By most accounts, things got more shipshape in 1992 when Bill Clinton appointed an Arkansas construction foreman named James Lee Witt to head the agency. Amazingly, Witt was the first person to hold that post who had emergency management experience on the state level. He instituted an aggressive reform of the hidebound agency, shutting down several unused offices and conducting a complete inventory of assets. The end of the Cold War helped, as a large part of FEMA's mandate had been plotting scenarios for a massive Soviet nuclear attack. FEMA took the opportunity to change its posture from reactionary to proactive, getting ahead of governors by thrusting aid on hard-hit areas almost before the disaster was over. Federal search and rescue teams were at the Murrah building in Oklahoma City within 24 hours of the 1995 bombing, for example. And when the tributaries of the Mississippi overflowed their banks in 1993, displaced residents never had to go without drinking water or shelter. Witt has recently been hired as a disaster consultant to the state of Louisiana. He is now trying to do privately what his public successors could not.

The current problems at FEMA can be traced not just to inexperienced leadership at the top, but to the massive organizational change spurred by the Bush Administration in 2002 in response to the September 11th terror attacks. FEMA was rolled into the jambalaya of the Department of Homeland Security. Its mission was diluted into the general goal of fighting Islamic terror and its head forced to go begging to the cabinet secretary each time a catastrophe loomed.

Those with long memories in Washington might have recalled that this was exactly the problem with FEMA in the bad old days of the Cold War -- one small, but vital domestic mission buried in a superagency dedicated to a broad, internationally minded goal. But this is an administration where memory loss is a political operating strategy. The New Orleans Times-Picayune and the Louisiana congressional delegation (among others) have been sounding the alarms for years about the decaying river levees that kept all the waters of Lake Ponchartrain out of the municipal grid. The Army Corpse of Engineers requested $27 million to help shore up the weakened barriers, but the Bush Administration, saddled with the costs of fighting the Iraq war, gave them about a quarter of what they asked and then pleaded ignorance when the waters came rushing in. "I don't think anybody anticipated the breach of the levees," said the president -- incredibly -- this week. Sounds like a perfect candidate for the next head of FEMA.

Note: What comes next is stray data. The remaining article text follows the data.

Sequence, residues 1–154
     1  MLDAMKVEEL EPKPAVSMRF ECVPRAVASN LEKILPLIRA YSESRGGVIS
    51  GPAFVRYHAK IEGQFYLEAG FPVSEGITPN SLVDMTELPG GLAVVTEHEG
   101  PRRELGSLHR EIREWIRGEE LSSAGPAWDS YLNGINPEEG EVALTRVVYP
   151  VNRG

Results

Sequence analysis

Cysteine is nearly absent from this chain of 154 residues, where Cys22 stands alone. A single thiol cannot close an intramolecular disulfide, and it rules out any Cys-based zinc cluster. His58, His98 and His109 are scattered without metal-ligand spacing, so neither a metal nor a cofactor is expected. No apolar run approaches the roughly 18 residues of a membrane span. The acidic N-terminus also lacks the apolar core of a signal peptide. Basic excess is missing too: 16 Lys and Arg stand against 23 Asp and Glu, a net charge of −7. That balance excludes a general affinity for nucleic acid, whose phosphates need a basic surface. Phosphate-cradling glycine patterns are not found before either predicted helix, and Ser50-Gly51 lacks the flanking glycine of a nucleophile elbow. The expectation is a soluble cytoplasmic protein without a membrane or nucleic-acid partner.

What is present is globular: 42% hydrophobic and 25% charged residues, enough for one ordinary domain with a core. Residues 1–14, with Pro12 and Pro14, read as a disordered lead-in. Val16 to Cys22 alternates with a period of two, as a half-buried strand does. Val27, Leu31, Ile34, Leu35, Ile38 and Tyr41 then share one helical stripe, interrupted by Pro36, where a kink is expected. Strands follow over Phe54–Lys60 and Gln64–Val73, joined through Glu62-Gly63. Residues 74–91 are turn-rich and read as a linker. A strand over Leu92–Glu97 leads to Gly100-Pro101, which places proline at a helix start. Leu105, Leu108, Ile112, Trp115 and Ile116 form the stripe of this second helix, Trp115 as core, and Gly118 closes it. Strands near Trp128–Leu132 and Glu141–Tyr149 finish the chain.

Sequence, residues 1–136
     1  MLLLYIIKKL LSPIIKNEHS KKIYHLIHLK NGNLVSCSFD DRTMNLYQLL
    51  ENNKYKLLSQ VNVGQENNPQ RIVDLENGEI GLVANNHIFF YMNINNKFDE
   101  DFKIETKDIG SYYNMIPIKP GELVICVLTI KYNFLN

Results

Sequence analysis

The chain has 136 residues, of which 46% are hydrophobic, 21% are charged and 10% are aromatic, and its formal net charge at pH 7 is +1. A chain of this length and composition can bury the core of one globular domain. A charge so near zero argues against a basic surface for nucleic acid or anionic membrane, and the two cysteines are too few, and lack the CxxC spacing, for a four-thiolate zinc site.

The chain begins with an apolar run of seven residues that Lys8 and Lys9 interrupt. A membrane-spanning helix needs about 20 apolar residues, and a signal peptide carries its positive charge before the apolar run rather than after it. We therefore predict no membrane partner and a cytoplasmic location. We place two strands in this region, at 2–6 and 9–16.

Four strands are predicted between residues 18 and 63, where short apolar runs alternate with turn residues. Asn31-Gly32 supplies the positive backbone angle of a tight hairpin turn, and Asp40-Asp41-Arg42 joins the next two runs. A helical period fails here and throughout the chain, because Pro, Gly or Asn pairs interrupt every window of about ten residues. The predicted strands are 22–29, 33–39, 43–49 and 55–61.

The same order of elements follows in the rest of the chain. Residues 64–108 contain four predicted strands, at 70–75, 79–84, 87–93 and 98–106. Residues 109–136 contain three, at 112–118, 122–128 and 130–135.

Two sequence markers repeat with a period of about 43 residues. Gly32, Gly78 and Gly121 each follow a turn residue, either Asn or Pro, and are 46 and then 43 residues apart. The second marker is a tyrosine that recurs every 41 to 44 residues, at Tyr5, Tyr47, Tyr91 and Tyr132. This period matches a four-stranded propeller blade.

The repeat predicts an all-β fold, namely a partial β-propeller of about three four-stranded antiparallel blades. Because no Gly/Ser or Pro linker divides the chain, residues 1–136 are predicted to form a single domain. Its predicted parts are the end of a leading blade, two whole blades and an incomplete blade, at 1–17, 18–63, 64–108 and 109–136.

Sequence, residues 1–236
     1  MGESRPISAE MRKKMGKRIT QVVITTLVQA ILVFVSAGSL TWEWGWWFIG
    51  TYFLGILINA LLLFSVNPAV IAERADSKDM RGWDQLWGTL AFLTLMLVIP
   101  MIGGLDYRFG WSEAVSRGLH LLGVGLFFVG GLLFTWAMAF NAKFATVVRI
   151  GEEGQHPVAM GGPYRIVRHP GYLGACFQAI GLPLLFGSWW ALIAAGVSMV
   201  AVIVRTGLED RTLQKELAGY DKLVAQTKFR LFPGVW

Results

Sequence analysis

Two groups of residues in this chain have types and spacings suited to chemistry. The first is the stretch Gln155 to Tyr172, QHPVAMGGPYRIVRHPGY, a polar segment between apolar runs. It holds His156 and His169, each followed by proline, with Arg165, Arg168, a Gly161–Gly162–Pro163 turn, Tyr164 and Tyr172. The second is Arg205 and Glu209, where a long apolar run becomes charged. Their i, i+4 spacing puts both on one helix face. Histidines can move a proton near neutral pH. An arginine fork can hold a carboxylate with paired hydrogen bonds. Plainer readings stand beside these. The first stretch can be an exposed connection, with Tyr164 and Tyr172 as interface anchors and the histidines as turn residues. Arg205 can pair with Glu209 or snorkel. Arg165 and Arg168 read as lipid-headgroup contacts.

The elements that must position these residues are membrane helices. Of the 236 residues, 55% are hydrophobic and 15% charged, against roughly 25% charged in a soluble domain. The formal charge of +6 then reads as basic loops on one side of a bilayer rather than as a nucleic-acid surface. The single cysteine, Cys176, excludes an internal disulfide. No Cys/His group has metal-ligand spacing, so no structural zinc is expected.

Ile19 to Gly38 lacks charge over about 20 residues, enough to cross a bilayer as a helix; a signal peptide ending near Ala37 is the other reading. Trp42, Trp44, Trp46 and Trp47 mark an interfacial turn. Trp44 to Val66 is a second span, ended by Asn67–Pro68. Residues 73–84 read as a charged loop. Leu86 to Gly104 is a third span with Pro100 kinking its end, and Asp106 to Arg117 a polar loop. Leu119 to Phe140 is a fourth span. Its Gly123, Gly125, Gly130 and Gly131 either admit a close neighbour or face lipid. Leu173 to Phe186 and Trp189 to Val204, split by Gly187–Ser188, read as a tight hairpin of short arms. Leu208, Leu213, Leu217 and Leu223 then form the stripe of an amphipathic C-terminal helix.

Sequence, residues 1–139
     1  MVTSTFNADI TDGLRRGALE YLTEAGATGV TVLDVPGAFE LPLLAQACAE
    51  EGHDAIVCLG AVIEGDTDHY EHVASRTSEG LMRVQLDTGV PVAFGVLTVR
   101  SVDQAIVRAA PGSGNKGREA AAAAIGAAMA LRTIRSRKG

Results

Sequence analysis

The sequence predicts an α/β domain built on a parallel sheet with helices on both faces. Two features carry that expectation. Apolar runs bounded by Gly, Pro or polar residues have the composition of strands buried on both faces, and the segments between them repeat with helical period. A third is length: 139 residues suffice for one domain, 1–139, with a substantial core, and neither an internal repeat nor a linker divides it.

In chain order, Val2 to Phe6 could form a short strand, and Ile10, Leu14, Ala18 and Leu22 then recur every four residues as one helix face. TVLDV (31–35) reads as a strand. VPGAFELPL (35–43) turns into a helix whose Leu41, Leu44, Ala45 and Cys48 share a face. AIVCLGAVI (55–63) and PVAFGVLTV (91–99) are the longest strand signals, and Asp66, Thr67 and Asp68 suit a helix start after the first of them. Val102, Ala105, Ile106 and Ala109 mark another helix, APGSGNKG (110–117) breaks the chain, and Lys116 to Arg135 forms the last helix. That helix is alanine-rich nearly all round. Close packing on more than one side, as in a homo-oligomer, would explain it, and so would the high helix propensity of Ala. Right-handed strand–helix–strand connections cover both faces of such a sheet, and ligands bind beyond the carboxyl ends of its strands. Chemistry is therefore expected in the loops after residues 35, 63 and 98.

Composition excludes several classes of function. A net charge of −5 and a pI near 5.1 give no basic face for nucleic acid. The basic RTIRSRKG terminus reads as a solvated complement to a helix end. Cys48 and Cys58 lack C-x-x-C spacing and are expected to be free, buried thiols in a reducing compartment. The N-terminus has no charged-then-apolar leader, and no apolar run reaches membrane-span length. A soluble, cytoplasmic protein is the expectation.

Sources

  • "Facing Blame in a Disaster," by Scott Shane, The New York Times, September 7, 2005
  • "FEMA Fool Sat on His Hands," by Douglas Simpson, New York Post, September 7, 2005
  • "Head of FEMA Has an Unlikely Background," by Matt Stearns and Seth Borenstein, Knight-Ridder Newspapers, Sept. 3, 2005
  • "After Failures, Government Officials Play Blame Game," by Scott Shane, The New York Times, September 5, 2005
  • "The FEMA Phoenix," by Daniel Franklin, Washington Monthly, July/August 1995.

Tom Zoellner is the author of a forthcoming book on the diamond industry.